Assassination Attempts: Adolf Hitler, Chancellor of Nazi Germany Part 2
About the assassination attempt on Adolf Hitler Chancellor of Nazi Germany, the history of the attempt by Claus von Stauffenberg.
The Victim: ADOLF HITLER, Chancellor of Nazi Germany.
In spite of the altered circumstances, Stauffenberg was able to gain access to the conference room without arousing suspicion. Three minutes went by. As he entered the room, General Heusinger was expounding on the overall military situation. The small room was almost filled by a massive oak table which was supported by 2 huge oak slabs. Seated around the table were Hitler and 23 important Nazis. Additional conferees stood about the room.
Stauffenberg took his place, perhaps 5' to 6' to the right of Hitler and set his briefcase down against the inner side of one of the oak supports. Muttering about a telephone call, Stauffenberg abruptly left the room. General Heusinger's report continued. Colonel Brandt, sitting 3 chairs to Hitler's right, moved Stauffenberg's briefcase to the outer side of the oak support, probably because it was in his way. Field Marshal Keitel, one of Hitler's top aides, became concerned that Stauffenberg would not return in time to give his report and dispatched a subordinate to search for Stauffenberg. The runner returned to report that he could not locate the colonel.
As Hitler leaned across the table to look at a map, the bomb exploded. Bodies were thrown about as the walls and ceiling blasted apart. Four people were killed, several were badly hurt. The Fuhrer suffered from shock, minor burns, and injury to the eardrums, but escaped major harm due to the protection of the heavy oak table. He recovered sufficiently to meet Mussolini 2 hours later. Stauffenberg viewed the explosion from 100 yards away, then managed to get out of the compound and onto an airplane. Assuming that he had succeeded in killing Hitler, Stauffenberg and his conspirators set into motion their plans to take over the Government.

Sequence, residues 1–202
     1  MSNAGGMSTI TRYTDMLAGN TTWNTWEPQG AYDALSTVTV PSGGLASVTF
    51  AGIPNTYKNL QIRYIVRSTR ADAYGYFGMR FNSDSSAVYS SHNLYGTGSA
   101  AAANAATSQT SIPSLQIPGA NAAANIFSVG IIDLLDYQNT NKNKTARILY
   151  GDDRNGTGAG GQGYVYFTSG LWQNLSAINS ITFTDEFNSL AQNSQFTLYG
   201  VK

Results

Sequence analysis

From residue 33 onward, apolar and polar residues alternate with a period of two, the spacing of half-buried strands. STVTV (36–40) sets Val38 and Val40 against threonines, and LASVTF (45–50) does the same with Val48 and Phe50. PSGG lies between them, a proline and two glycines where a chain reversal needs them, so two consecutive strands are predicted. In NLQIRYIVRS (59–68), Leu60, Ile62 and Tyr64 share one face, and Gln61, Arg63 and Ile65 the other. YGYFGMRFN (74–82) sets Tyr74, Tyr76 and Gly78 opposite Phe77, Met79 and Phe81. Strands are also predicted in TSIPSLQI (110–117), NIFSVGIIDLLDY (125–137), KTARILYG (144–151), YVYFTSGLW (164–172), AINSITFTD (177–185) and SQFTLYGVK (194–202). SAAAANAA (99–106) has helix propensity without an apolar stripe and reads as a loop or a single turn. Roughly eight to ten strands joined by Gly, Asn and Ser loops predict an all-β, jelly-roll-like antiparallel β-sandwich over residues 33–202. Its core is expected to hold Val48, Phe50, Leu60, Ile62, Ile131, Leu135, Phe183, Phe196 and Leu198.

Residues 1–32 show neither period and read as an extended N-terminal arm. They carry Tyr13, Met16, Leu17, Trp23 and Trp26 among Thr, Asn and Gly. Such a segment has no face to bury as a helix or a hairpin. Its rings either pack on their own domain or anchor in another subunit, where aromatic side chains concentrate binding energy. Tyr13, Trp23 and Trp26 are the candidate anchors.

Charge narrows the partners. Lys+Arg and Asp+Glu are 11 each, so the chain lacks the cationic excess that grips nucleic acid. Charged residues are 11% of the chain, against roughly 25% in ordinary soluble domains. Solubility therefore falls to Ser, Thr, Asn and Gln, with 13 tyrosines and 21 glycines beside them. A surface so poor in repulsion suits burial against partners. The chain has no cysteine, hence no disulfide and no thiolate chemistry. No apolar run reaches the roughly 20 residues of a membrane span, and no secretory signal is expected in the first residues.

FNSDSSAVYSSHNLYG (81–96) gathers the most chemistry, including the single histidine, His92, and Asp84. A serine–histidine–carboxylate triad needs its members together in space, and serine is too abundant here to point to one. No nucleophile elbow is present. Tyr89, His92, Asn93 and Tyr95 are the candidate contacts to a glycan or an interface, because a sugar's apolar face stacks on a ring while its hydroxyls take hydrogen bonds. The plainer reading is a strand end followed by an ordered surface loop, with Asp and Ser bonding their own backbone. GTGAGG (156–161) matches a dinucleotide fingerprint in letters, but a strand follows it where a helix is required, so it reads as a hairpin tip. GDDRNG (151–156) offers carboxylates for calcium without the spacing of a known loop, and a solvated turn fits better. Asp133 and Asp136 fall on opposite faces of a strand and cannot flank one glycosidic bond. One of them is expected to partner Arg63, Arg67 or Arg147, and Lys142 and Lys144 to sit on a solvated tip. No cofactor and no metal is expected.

The Would-Be Assassins: Col. Claus von Stauffenberg, who was 37, was a "liberal"--within the context of wartime Germany. He despised Hitler as early as 1936, and is said to have called him "the buffoon" and "the enemy of the world." Stauffenberg drew up a peace program which provided for a freely-elected Government, and he proposed socialist leader Julius Leber as a candidate for Minister of the Interior.
The conspiracy in which Stauffenberg was involved consisted mainly of aristocratic or high-minded military officers who held middle-rank staff positions. These officers were bound together by their class status as well as their distrust of the Nazis. Much of the motivation for their resistance was right-wing patriotism. They felt that Hitler was destroying the country, and some of them were plainly disgusted by the immorality of Hitler's actions.
A few of the principal long-term conspirators, however, were highly placed. Col.-Gen. Ludwig Beck was chief of the Army's general staff until he resigned in 1938 in protest against Hitler. Beck was formerly the effective head of the resistance against the Fuhrer. Adm. Wilhelm Canaris was chief of Military Intelligence from 1935 to 1944. Canaris, along with his collaborators Hans von Dohnanyi (legal adviser) and Maj.-Gen. Hans Oster (chief of staff) were key organizers of the conspiracy.
Other resistance kingpins included Colonel-General Olbricht, who worked closely with Stauffenberg; Lieutenant Schlabrendorff and Major-General Tresckow, who themselves attempted unsuccessfully to bomb Hitler; and scores of other military officers and civilians who participated in or supported the opposition.
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